- Provide disease-specific treatment if available.
- Initiate supportive management and management of associated conditions.
- Arrange support for patients and their caregivers. 
- Consider referral to hospice for eligible patients. 
Behavioral problems (e.g., physical agitation) and fecal incontinence in patients with dementia are associated with and poor outcomes for patients (e.g., emergency department visits and institutionalization). 
Pharmacological treatment of dementia 
- types of dementia. may provide modest benefit for cognitive symptoms in some
Cholinesterase inhibitors (donepezil, galantamine, rivastigmine)
- Recommended for mild to moderate Alzheimer disease 
- May be considered in patients with Parkinson dementia or Lewy body dementia
- Discuss treatment goals and potential adverse effects before starting medication. 
- Reevaluate patients 12 weeks after initiation. 
- Ensure the benefits outweigh the adverse effects.
- Discontinue if no beneficial cognitive effects are observed. 
- NMDA-receptor antagonist (memantine): recommended for moderate to severe Alzheimer disease
- See “Antidementia medications” in “Alzheimer disease” for more information.
Antidementia medications provide limited improvement of cognitive symptoms. Use shared decision-making to determine if pharmacotherapy is appropriate for the patient after discussing the risks, benefits, and alternatives. 
Discontinue cholinesterase inhibitors approximately 12 weeks after initiation if no beneficial cognitive effects are observed. 
Supportive management of patients with dementia 
- Regularly evaluate for associated medical, psychiatric, or behavioral conditions.
- Periodically perform an . 
- Recommend maintaining a:
- Predictable schedule
- Familiar home environment
- Encourage a healthy lifestyle, including:
- Recreational activities, e.g., social gatherings, art, puzzles, music, pet therapy
- Mediterranean diet
- , including a regular sleep schedule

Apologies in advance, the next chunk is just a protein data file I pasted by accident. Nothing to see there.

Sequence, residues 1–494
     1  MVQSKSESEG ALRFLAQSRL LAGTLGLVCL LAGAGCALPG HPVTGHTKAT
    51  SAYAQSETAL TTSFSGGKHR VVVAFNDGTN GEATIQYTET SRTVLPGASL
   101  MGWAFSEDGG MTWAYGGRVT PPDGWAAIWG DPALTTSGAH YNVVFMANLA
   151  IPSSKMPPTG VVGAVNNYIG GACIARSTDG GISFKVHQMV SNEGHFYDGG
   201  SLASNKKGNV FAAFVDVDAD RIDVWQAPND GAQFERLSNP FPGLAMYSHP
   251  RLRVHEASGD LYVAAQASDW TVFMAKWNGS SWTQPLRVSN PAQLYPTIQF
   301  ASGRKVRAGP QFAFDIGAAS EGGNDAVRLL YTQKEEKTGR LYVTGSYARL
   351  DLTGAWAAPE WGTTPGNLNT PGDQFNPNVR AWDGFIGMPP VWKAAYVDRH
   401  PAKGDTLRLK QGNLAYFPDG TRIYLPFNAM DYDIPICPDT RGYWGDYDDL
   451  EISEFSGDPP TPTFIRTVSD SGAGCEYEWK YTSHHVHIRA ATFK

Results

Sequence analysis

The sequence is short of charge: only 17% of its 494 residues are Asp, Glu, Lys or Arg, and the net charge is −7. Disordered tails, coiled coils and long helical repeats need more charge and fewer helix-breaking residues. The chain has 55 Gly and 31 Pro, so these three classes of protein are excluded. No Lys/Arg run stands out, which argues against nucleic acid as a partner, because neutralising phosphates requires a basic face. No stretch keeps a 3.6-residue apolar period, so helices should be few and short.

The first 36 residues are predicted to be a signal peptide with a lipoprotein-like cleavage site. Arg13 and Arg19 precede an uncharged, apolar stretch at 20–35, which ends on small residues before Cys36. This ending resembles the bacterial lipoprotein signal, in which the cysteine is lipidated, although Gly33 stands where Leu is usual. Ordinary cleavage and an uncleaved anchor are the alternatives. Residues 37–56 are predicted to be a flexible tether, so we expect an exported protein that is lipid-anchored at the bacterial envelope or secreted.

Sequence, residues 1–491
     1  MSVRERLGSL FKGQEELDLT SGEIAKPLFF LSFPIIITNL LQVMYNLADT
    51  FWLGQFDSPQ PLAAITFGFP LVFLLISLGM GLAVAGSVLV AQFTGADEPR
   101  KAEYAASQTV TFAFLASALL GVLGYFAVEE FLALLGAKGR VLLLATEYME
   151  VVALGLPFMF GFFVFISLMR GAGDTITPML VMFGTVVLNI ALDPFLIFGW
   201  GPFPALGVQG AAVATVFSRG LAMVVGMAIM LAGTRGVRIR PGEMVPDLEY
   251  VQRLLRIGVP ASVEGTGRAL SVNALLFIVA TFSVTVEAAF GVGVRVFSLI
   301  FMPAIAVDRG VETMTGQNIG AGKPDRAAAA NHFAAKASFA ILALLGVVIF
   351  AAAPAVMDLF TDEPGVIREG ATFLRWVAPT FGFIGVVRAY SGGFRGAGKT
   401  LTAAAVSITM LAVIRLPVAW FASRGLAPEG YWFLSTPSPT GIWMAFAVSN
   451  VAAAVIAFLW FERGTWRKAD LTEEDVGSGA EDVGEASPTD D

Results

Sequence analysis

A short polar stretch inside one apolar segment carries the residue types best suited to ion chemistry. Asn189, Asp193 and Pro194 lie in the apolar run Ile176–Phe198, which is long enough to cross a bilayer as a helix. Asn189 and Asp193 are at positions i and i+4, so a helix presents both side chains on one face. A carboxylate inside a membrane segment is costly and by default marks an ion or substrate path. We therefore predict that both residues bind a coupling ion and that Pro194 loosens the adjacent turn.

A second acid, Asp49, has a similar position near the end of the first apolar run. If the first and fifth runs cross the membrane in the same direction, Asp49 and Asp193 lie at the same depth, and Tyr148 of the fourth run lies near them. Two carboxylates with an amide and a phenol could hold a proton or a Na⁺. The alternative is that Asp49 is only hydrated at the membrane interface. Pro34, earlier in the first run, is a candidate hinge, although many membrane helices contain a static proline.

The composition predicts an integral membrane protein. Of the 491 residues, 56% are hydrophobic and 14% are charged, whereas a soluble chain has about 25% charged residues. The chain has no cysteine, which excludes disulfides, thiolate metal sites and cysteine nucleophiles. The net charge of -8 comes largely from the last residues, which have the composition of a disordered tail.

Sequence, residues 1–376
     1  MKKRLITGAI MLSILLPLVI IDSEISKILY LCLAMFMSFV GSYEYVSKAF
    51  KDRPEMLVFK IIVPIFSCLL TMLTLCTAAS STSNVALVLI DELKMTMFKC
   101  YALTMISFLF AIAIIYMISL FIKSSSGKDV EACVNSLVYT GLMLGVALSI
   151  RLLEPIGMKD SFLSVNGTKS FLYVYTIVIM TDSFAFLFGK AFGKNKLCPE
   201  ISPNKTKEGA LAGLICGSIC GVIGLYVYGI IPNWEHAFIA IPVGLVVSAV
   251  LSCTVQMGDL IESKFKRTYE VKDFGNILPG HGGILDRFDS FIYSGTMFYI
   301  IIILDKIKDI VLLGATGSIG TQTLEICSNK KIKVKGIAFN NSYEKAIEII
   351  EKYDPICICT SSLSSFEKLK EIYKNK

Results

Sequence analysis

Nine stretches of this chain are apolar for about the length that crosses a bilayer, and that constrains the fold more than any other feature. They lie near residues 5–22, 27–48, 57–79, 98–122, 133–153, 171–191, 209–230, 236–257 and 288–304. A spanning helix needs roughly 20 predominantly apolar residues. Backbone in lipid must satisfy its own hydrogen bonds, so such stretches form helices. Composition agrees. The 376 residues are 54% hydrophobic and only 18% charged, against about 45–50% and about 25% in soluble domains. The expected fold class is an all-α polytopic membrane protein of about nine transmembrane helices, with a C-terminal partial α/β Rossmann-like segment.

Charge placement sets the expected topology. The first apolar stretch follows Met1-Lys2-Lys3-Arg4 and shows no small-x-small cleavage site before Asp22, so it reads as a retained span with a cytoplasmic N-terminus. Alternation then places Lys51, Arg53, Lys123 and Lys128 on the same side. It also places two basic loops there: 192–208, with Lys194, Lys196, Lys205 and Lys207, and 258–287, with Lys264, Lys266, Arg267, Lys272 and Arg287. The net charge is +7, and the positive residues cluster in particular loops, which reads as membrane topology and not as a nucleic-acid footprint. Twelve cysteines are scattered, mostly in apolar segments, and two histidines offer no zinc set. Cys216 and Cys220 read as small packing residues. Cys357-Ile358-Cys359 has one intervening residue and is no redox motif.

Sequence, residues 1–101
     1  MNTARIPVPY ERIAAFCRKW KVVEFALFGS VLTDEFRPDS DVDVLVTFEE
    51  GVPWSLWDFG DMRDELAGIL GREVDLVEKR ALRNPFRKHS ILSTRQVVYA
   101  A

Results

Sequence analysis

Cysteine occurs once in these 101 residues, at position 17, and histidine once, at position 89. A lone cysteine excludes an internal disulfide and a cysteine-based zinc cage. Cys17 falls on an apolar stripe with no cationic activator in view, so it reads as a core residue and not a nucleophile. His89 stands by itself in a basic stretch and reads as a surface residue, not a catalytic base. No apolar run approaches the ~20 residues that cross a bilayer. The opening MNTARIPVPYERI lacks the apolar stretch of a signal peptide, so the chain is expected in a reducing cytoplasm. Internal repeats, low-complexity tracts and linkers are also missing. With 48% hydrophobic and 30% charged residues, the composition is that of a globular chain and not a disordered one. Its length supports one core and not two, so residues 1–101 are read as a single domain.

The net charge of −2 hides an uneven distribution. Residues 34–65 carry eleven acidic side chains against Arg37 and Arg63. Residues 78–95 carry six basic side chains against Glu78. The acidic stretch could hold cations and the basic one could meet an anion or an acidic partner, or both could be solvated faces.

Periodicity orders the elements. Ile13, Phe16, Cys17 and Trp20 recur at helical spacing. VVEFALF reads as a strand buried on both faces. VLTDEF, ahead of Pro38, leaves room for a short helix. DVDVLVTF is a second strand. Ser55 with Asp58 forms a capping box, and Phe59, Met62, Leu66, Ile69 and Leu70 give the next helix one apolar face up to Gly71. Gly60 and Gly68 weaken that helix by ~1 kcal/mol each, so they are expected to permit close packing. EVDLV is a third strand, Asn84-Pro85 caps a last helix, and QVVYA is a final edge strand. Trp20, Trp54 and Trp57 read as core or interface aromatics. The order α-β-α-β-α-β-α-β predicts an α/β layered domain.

- Personal hygiene
- Consider cognitive interventions for patients with mild to moderate dementia. 
- cognition  : may result in small gains in verbal fluency and global
- : may improve cognitive function and reduce depression 
Cognitive training and cognitive stimulation therapy may modestly delay cognitive decline. However, these programs can lead to excessive frustration, which may exacerbate behavioral and neuropsychiatric symptoms. 
- Inform the patient and caregivers about increased risk of driving accidents.
- Consider referral for driving safety evaluation to assess for .
- Consider the need for interventions (e.g., supervision) to prevent wandering.
- Evaluate for risk of .
Advance care planning (ACP) 
- Discuss ACP at the time of diagnosis, or with changes in health status, residence, or financial situation.
- Document wishes and preferences, including a , , and .
- Consider a specific advance directive for dementia. 
- Assess regularly.
Management of behavioral and psychological symptoms of dementia 
- Major depressive disorder and anxiety: Consider low dose of an SSRI (e.g., escitalopram or citalopram). 
Agitation and psychosis 
- Avoid antipsychotic medications if possible.
- Focus on and nonpharmacological deescalation. 
- If other approaches have failed or the patient poses a substantial threat to themself or others, consider one of the following:
- If indicated, administer under medical supervision and in a time-limited fashion.
- See “ ” and “ .”
Sleep disorders and disturbances